The countries of the Middle East that have been the subject of wars, whether it's Afghanistan, Iraq, Yemen, Somalia or Libya are “the legacy of failure of U.S. foreign policy. The policy, that claims to be aimed at keeping Americans save from terrorism and bringing democracy to the region has done everything to the opposite”. In Afghanistan, after 15 years of U.S. occupation there are still thousands of troops and tens of thousands of U.S. contractors that flood through the country. It is either the first or second worst country in the world for children's health or maternal mortality. The UN just found out that 42% of the children in Afghanistan have either never gone to school or been forced out of school before the 5th grade. The Bush administration has treated the 9/11 attacks as an act of war not a crime and invaded Afghanistan although the country was not involved in the attacks. Now there is the “Offensive against Mosul”. But in a poll 84% of the city’s residents said: “We don't want to be liberated that way because we are afraid!”. Bennis: “So this notion that we are somehow ‘liberating’ people is simply a lie’”.
There is a clear link between at least low-level Saudi officials to the 9/11 attacks. That part has been known for a long time. What's changing is the attitude in U.S. congress, says Bennis. Because of pressure campaigns by the U.S. anti-war movement congress just passed and in fact overrode the veto of president Obama on a law that says that U.S. citizens who lost family members in 9/11 can sue Saudi Arabia to get information about what involvement they may have had. “That's a huge shift in U.S. policy.” The same has happened with the latest arms deal to Saudi Arabia. “There was a higher level of opposition than we have ever seen before.” It is also known that a lot the money that funds the IS comes from Saudi Arabia while it’s not clear from where exactly. The government of the gulf monarchy could stop that. “For whatever reason they have chosen not to make that move.”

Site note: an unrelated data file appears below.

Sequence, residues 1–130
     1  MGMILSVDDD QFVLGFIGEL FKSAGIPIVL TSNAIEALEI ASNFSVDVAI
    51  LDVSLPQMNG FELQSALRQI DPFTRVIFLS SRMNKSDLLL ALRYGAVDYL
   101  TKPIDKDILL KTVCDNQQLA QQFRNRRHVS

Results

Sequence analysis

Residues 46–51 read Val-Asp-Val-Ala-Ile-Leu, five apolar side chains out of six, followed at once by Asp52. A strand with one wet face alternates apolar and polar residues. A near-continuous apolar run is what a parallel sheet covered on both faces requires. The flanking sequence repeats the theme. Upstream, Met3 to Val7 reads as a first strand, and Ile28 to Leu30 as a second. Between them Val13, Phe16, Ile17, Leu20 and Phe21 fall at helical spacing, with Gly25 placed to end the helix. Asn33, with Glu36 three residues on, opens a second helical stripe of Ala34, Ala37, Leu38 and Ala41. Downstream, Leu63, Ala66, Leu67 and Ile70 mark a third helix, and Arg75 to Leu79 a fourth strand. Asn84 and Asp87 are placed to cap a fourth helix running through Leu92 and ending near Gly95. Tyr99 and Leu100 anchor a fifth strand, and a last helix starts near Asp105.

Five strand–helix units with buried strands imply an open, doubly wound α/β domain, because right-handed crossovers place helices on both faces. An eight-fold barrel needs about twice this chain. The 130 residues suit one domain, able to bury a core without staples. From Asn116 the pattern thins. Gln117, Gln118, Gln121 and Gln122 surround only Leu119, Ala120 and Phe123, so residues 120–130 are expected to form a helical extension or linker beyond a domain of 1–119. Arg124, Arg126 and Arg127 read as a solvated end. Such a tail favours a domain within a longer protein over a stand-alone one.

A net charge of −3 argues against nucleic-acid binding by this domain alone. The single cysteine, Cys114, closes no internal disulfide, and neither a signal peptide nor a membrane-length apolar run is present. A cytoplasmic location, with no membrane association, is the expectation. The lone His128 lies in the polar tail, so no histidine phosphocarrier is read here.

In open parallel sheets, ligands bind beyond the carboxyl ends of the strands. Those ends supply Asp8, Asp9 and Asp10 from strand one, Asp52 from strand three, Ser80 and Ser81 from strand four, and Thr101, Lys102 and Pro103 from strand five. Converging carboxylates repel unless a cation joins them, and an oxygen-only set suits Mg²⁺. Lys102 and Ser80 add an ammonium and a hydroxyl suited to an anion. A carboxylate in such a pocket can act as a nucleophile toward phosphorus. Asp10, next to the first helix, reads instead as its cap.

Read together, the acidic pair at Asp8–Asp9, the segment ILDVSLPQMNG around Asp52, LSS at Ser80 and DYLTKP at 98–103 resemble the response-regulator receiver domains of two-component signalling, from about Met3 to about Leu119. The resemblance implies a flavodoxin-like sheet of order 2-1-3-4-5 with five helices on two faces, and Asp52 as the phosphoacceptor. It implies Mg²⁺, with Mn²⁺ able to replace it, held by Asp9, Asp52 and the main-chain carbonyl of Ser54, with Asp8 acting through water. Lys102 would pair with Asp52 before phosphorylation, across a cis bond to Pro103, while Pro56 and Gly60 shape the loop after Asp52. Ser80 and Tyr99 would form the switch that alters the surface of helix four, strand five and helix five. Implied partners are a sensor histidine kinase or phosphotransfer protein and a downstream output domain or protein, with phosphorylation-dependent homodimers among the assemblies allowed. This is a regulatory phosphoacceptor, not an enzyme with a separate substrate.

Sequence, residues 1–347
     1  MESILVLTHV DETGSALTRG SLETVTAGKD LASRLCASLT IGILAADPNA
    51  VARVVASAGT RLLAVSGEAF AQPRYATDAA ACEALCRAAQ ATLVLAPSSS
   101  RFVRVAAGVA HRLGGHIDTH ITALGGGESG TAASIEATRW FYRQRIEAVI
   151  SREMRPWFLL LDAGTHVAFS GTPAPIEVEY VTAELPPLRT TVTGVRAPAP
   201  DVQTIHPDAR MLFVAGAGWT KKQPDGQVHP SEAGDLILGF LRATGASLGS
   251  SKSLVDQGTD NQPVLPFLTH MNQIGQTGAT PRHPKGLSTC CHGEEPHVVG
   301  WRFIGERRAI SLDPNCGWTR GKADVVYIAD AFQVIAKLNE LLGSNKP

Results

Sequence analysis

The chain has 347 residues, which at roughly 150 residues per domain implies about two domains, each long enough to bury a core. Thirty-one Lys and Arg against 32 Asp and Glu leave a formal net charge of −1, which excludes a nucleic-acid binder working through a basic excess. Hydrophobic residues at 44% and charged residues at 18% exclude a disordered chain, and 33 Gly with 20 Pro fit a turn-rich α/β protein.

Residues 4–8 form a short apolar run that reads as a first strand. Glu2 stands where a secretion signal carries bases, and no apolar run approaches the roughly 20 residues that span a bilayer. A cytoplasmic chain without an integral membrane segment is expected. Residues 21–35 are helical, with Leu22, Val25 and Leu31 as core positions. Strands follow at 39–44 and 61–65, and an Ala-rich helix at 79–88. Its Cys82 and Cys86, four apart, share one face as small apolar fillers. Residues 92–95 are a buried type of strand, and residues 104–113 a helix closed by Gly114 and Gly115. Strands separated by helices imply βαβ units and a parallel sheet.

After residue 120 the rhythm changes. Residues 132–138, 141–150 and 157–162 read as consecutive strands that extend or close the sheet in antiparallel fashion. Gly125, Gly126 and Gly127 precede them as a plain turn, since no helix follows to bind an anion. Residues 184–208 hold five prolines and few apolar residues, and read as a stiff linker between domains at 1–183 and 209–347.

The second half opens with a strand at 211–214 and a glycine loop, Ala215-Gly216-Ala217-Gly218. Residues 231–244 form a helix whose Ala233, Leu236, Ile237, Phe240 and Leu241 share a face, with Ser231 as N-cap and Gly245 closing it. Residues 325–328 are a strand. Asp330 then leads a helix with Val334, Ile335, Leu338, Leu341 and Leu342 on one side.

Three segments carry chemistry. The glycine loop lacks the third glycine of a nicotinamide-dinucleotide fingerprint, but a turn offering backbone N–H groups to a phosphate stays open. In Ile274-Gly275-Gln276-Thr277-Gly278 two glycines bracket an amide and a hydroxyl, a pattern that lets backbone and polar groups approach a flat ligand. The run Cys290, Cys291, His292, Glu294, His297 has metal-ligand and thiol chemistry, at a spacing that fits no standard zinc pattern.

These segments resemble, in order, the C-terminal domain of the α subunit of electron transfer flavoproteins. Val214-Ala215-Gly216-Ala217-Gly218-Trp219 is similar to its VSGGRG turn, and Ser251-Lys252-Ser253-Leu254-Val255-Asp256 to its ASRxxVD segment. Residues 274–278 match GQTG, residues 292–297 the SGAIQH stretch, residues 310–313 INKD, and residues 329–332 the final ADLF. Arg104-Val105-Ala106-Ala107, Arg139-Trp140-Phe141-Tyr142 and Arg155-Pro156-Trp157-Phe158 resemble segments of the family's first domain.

Stability comes from within not from without, says Bennis. "Do no harm", must be the first step. But stopping arms trades and bombings in the Middle East would not be easy. The weapons manufacturers in the United States have one of the most powerful lobbies. A look at the recent refugee crisis shows that a diplomatic solution is urgently needed. 65 million people have fled their homes, among them a lot of Syrians. This “global refugee nation” had even a team at the latest Olympics. “We have to move, that's a message that this is not ok”. In the wake of the crisis, the United States has only taken 10,000 Syrians “and has bragged about it. It’s shameful! My government should be so ashamed!” There was no refugee crisis in the States but a racism crisis, says Bennis. In Europe you could see the beginnings of a crisis. But there has also been a racist backlash. “The effect is new border controls, new border fences, new border police, new border guns”. But Bennis still has hopes for the Middle East. The Arab Spring has started a revolutionary process. A whole generation has said: “Enough. That’s a huge model.”